The chicken coop was here when Harry Truman lived here. The outhouse and the shed to the right of the chicken coop were brought in later, but the chicken coop is original. Farming has never been easy work, especially when one has to deal with animals. One time Harry wrote to Bess in Independence that he’d been trying to get 29 pigs into the barn. He got 15 of them in and then decided to put corn in the barn to entice in the rest of them. All of them went in except what he called “the extra smart one,” who ran in, grabbed an ear of corn, and ran out right between Harry legs. He fell down in the mud, the barn door came open, and all the pigs got back out. Harry said that whenever the barn door was open and he didn’t want the pigs in there, of course, every one of them would go right in.
Chickens, however, when it came to farm animals, seemed the least offensive. They’re mainly just dumb, but they don’t get into that much trouble. Truman’s chickens did however, get lice, and Harry wrote Bess about his mother’s special recipe for chicken dip. And it doesn’t sound like something the lice would enjoy. He said his mother would get some chewing tobacco and steep it in hot water as if she was making tea. He said she would use four twists per bucket.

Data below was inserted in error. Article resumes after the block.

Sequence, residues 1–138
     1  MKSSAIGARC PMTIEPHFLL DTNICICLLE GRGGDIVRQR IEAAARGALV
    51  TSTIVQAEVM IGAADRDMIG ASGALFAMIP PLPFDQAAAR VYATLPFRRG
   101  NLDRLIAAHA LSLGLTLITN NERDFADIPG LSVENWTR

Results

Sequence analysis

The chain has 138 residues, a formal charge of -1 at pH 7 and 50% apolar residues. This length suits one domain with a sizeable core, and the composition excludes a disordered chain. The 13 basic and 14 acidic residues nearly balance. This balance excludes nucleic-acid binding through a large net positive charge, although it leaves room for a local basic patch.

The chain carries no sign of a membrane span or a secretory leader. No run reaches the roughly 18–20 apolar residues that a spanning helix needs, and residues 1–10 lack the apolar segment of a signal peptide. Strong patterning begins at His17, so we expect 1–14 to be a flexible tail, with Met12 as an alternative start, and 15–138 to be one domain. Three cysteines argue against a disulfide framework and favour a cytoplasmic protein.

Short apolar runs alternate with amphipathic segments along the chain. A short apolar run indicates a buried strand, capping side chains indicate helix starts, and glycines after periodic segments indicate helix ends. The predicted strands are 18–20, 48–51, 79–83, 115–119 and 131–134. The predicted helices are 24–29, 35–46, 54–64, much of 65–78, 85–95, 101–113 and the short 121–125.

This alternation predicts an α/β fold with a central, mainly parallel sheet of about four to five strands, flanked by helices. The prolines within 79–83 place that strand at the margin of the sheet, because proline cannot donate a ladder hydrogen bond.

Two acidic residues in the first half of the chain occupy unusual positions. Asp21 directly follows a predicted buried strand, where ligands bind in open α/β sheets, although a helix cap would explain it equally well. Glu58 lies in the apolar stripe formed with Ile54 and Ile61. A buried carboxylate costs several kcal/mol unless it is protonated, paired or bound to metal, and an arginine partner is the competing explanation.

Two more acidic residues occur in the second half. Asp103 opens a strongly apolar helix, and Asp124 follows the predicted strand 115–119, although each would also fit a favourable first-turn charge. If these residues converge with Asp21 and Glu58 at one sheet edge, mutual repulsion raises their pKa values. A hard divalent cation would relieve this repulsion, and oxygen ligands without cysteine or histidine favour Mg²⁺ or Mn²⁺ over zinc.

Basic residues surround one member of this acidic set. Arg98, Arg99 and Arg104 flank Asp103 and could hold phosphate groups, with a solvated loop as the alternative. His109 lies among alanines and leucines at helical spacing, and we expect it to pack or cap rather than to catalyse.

Then she would put in enough cold water to cover up the chicken and cool down the water so the chicken didn’t get burned. Next, she would put in a tablespoonful of melted grease.
Lastly, she would put her hand over the chicken’s eyes and bill (hold his nose, so to speak), and, as Harry wrote, “souse him good.” “Young and old alike can go through the process without harm,” he told Bess. He said it was a good idea to pick a warm day if you’re going to be dipping chickens. For a young man who had grown up in town, life of this farm—chickens, chicken lice, extra smart hogs—it all must have taken some getting used to.
The Truman Farm Chicken Coop was rehabilitated in 2018, with the help of fees collected at Harry S Truman National Historic Site.
Park staff thanks visitors for their support of the park as we preserve these structures for future generations. THANK YOU!!